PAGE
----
Could pop-up saunas be Rochester's answer to these never-ending winters?
Kylie Osterhus says it was during her travels to rural Alaska when she first realized the personal and cultural benefits of using a sauna.
"It was beautiful to see multiple generations of women, comfortable in their own skin, enjoying quality time together," Osterhus told us.
Now back in Minnesota, Osterhus hopes her home city of Rochester will begin warming up to the idea of public saunas.
She has begun working with local architect Brian Muellner on a design for a pop-up sauna that could be set up in various places around town.
Their next step is to begin building backyard prototypes to work out the kinks. Osterhus said she hopes to create the kind of sauna culture already burgeoning in other parts of the state, including the Twin Cities.
"Minnesota winters are long and I get antsy being cooped up in the house," said Osterhus. "Taking sauna is not only a respite from the cold, but makes the outdoors enjoyable. It is a great way to slow down, unplug and relax."
While saunas are often used as an escape from the cold — resting in one sounds particularly appealing right now — research suggests there may also be health benefits to regular sauna bathing.
In Finland, for instance, saunas are a cultural staple — with more heated boxes than households. Studies there have found links between regular sauna use and lower rates of hypertension, cardiac death and dementia.
Rochester resident Martha Rypstra says that pop-up saunas, if done right, could be a good addition to the city. Rypstra and her family recently added a sauna to their backyard. Originally opposed to the idea, she and her husband now use it about once a week — sometimes more.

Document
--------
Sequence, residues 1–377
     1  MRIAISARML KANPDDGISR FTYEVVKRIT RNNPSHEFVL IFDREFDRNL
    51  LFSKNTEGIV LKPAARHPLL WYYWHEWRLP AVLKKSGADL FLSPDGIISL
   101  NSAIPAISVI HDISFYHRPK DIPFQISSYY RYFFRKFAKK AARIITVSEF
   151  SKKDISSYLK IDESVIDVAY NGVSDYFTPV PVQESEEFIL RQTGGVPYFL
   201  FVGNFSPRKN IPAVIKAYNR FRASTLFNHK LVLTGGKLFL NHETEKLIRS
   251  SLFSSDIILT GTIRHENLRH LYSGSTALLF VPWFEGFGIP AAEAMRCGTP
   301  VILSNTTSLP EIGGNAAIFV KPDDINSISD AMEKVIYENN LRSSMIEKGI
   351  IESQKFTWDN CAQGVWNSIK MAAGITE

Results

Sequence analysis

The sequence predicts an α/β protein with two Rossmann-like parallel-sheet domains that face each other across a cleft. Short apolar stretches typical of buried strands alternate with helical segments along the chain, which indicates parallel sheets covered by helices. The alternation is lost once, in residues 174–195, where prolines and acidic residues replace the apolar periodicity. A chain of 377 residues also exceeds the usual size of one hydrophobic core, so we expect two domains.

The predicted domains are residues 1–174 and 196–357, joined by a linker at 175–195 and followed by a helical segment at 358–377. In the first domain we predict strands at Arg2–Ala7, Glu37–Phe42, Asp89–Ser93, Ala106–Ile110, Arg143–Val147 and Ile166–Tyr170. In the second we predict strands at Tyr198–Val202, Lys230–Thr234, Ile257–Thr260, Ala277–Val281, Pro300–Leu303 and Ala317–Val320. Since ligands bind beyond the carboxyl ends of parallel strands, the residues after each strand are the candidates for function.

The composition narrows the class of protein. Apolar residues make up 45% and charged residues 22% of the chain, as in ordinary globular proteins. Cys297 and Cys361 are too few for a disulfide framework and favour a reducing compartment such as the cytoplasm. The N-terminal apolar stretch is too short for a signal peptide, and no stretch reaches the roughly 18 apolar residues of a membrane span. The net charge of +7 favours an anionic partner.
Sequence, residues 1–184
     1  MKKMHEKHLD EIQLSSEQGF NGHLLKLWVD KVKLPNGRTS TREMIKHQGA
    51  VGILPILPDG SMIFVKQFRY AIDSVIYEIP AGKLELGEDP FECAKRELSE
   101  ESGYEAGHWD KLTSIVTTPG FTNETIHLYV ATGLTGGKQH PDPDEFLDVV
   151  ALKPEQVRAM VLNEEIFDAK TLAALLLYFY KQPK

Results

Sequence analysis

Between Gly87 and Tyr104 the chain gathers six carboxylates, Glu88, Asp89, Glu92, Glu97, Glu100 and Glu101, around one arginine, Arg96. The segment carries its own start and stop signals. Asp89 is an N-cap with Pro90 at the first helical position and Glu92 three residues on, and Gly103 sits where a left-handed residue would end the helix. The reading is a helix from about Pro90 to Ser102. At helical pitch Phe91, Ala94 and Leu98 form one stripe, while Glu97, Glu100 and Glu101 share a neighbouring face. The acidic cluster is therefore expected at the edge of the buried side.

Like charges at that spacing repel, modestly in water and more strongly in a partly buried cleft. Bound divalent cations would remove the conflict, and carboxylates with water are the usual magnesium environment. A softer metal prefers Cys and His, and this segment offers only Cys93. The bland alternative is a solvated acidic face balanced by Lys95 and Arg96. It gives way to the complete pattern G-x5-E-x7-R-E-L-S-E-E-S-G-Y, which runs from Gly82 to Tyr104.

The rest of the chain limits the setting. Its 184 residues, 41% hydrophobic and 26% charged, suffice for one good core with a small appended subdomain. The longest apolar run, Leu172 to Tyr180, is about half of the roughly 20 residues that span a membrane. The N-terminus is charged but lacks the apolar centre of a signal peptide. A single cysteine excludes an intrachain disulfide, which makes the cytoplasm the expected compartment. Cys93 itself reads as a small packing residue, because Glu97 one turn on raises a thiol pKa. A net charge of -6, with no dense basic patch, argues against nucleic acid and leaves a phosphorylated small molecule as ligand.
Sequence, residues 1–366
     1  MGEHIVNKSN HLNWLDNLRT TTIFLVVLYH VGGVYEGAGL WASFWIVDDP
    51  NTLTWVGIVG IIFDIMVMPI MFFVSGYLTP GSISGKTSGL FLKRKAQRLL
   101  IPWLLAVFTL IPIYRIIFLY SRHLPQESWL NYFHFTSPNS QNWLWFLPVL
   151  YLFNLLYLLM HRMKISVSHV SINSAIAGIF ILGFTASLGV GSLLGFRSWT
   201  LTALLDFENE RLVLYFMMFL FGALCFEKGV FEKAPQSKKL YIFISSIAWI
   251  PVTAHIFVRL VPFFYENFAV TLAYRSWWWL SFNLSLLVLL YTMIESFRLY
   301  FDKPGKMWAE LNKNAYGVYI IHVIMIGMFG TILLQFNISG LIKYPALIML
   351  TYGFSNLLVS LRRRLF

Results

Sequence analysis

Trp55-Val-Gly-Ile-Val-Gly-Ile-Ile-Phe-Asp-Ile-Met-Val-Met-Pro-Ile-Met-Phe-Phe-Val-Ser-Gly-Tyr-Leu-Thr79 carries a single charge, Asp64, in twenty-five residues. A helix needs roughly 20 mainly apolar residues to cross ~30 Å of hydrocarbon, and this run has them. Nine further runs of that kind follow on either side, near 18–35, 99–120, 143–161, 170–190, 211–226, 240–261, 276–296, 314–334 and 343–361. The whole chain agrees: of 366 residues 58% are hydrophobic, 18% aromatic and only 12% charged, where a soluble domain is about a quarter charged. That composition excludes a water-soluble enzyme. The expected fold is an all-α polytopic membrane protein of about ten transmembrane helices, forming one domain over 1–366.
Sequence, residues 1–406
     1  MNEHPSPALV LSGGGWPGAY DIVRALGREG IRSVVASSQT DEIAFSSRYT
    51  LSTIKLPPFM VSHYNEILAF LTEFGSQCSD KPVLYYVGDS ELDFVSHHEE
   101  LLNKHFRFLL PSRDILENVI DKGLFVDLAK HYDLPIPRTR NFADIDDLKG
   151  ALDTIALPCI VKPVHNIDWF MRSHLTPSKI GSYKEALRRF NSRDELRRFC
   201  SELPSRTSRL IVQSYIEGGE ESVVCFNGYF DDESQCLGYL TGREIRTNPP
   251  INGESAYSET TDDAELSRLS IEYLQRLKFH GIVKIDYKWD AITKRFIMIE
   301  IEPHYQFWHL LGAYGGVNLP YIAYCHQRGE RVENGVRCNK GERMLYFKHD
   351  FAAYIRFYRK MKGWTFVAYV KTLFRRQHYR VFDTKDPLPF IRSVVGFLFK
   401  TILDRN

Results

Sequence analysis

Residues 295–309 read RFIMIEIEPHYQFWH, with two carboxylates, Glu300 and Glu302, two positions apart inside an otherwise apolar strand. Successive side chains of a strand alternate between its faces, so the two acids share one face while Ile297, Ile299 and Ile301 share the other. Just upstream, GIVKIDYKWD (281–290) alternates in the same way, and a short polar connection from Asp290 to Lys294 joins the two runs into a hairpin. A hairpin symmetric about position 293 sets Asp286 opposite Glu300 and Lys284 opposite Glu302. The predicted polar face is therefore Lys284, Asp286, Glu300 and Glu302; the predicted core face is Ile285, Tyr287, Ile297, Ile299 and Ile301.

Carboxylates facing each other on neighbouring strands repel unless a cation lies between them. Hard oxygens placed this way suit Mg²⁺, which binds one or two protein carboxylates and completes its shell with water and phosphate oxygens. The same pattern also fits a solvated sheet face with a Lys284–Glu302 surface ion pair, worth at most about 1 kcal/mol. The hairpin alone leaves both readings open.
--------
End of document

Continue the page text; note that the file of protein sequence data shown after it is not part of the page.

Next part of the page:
Since installing the heated box, Rypstra, a mother of four, said the sauna has helped her cope with anxiety and postpartum depression.
"We have used it as much as we can during the winter," she said. "The sauna is a great way to slow down. It’s a great way to get outside, to get warm, to have some quiet time, to spend time with friends."
Osterhus hopes to be able to prototype the concept in time for next winter. Already, she has spoken with a handful of local business owners who have been supportive of the concept.
"If we really want to become 'America’s City of Health,'" said Osterhus, "we’ve got to be creative in our approach to improving the wellbeing of our community and those who visit."
Related: 10 sauna tips for beginners
Cover photo: Creative Commons